Comment: Veganism is a distraction from the major climate change issues of increase in population and lifestyle, including travel, writes Dr Jacqueline Rowarth.

Farmers cannot grow whatever food they like.

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This is contrary to ongoing statements in the media, from, for instance the Vegan Society.

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Quite apart from the legal restraints to do with type of crop and chemicals that can be used, there are temperature, rainfall, soil and topographical constraints.

Pests, diseases, infrastructure, labour availability and markets also create limitations.

Overcoming any of these difficulties increases production costs to the extent that the business becomes unviable.

Yet statements indicating that production is simply a matter of choice continue to be made. Instead of animal agriculture, the suggestion has been made that farmers grow food for direct human consumption.

Vegan Society NZ has said "people wouldn't even have to give up flying, or petrol cars, if everyone gave up meat and dairy. 'New Zealand emissions are among the highest per capita in the world.' We are ideally placed to reduce them by giving up animal agriculture." Farmers could grow plants instead".

The statements are dangerously wrong.

By identifying a change in diet as the solution, based on incomplete calculations, the apparent belief that crops don't produce emissions, and a misunderstanding of human physiology, society is being led into thinking that if farmers just change what they are doing "she'll be right".

"She" - being the climate – won't.

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Carbon signatures have shown that the bulk of the increase in carbon dioxide in the atmosphere has come from fossil fuel – coal, oil and gas.

In its report on Climate Change and Land released last year, the Intergovernmental Panel on Climate Change (IPCC) estimated that agriculture contributes 16-27 per cent of emissions, with large regional differences in impact of production.

Listen to Jamie Mackay's interview with Dr Jacqueline Rowarth on The Country below:

The energy sector contributes over 70 per cent of emissions, with transport within energy contributing 24 per cent of emissions globally.

For the world, giving up heating and cooling, as well as walking everywhere, would make a difference, not becoming vegan.

In New Zealand, renewable energy (over 80 per cent of the total) for temperature control means that it is the transport side that needs addressing. Since 1990, transport-related emissions have increased over 90 per cent. Agriculture has increased by14 per cent.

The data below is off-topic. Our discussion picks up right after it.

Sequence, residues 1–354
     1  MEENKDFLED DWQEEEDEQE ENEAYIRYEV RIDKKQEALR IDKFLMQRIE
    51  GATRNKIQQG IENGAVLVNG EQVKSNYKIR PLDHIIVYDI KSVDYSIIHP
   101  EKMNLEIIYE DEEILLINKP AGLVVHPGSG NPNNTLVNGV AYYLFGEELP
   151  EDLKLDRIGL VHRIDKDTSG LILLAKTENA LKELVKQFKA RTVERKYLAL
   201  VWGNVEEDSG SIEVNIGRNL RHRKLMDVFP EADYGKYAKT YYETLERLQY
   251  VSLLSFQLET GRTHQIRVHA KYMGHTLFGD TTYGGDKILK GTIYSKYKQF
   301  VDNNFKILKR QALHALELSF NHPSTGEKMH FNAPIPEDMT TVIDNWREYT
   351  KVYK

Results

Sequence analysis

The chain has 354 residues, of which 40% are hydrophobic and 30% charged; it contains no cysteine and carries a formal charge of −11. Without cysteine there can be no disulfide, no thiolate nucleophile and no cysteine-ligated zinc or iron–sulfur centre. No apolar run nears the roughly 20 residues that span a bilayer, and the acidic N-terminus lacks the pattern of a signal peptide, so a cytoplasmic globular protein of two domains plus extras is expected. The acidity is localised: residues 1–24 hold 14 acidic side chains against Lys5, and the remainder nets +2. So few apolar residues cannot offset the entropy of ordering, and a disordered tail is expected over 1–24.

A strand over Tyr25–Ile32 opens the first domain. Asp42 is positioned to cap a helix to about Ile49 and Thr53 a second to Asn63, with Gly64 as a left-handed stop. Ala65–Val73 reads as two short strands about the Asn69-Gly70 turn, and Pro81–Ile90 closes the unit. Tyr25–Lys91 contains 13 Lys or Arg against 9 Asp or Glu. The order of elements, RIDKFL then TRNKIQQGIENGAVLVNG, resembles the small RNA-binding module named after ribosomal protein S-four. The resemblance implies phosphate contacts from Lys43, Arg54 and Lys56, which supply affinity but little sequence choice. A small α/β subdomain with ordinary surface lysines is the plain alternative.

Carbon dioxide released from fuel stays in the atmosphere having a warming effect for centuries.

Methane breaks down relatively quickly (approximately 12 years) but the products of the breakdown (water vapour and ozone) have a warming effect which continues for decades.

Greenhouse gases (GHG) in New Zealand are mostly carbon dioxide, methane and nitrous oxides but also include various other gases.

New Zealand certainly has high emissions of methane per capita, but GHG production is approximately 16.6 tonnes per capita whereas the USA is 20, Australia 25 and Kuwait is over 50… all for different reasons which make the comparisons meaningless.

Furthermore, New Zealand produces less than 0.2 per cent of global GHG and agriculture is just under a half of that total.

Removing livestock in New Zealand would reduce global GHG by less than 0.1 per cent, and the replacement in some areas with horticultural and arable crops would mean more emissions related to fuel.

Dr Jacqueline Rowarth. Photo / Supplied
Dr Jacqueline Rowarth. Photo / Supplied

The Government's Carbon Zero Bill is trying to make a difference. The goal is to reduce emissions domestically, covering all sectors and all GHGs. Planting forests is being encouraged because trees absorb carbon dioxide.

However, in its Climate Change and Land Use report, the IPCC stated that "land must remain productive to maintain food security as the population increases and the negative impacts of climate change on vegetation increase".

The authors suggested that there should be limits to the contribution of land to addressing climate change, for instance through the cultivation of energy crops and afforestation.

When the IPCC report was released, Debra Roberts, Co-Chair of IPCC Working Group II, stated that some dietary choices require more land and water, and cause more emissions of heat-trapping gases than others.

She went on to say "Balanced diets featuring plant-based foods, such as coarse grains, legumes, fruits and vegetables, and animal-sourced food produced sustainably in low greenhouse gas emission systems, present major opportunities for adaptation to and limiting climate change".

The IPCC report, the Greenpeace International study of 2018, the EAT Lancet report of 2019, and the recent Otago study urged balance in diet, not veganism. The reports show the opportunity for New Zealand.

Our role is production of low emissions protein from land from which crops for direct human consumption cannot be grown sustainably (including economically).

Farmers aren't being perverse in producing animal protein. They have developed systems that allow efficient production of the animal protein that humans need, and have found uses for by products (such as leather) that keep parts of the body warm without the need for synthetic materials which are based on fossil fuel.

New Zealand has done what the IPCC and many other reports have recommended.

Veganism is a distraction from the major issue of increase in population and lifestyle, including travel.

•Dr Jacqueline Rowarth CNZM CRSNZ HFNZIAHS has a PhD in Soil Science. The analysis and conclusions above are her own and should not be attributed to any of the organisations with which she is affiliated. She can be contacted on jsrowarth@gmail.com